marine life stirs oceans enough to affect climate, says a study by scientists of the Florida State University. Movement of winds and water has a bearing on climate. Previously, it was thought that the difference in temperature resulted in the movement of water and hence different climatic conditions, but the role of marine organisms was not highlighted. Now, the study reveals that the activity of marine organisms plays a significant role in the movement of water, which thus affects climate.
Phytoplanktons, the foundation of the marine food chain, generate five times the annual total consumption of energy by humans, says the study which will be published in the November issue of the Journal of Marine Research. "The effect of the activities of marine biosphere on oceans is the same as that of winds and tides. The mechanism is called bioturbation, or the turbulence caused by marine organisms," says William Dewar, the lead author of the study.
Calculations from the scientists reveal that the mechanical energy from phytoplanktons driving that turbulence is comparable to the energy that drives winds and waves. Oceanographers led by Dewar calculated that the amount of chemical power stored by phytoplankton in the form of new organic matter is about 63 tetrawatt (1 tetrawatt equals 1 trillion watt). Their study found that the organisms that feed on phytoplankton use one per cent of their chemical energy for physical (mechanical energy) activities such as swimming.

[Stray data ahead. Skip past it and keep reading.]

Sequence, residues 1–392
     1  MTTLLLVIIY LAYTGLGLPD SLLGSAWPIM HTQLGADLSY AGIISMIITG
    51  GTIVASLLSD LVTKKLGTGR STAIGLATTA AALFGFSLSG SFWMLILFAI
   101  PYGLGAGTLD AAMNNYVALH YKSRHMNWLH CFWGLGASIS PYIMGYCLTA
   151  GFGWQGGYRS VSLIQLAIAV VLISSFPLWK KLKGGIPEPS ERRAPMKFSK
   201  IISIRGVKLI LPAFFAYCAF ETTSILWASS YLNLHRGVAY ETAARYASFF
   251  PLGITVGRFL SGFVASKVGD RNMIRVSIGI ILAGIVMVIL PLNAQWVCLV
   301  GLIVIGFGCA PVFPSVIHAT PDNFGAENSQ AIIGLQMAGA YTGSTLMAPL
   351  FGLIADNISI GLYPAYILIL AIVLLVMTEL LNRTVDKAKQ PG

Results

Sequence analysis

It is a fact that highly sensitive plants act as reliable indicators of environmental changes at or near the ocean surface through either sudden decline or rapid growth. Scientists suspect that phytoplanktons affect and reflect climate change when large, sustained plant populations gulp carbon dioxide from the atmosphere during grand-scale photosynthesis.
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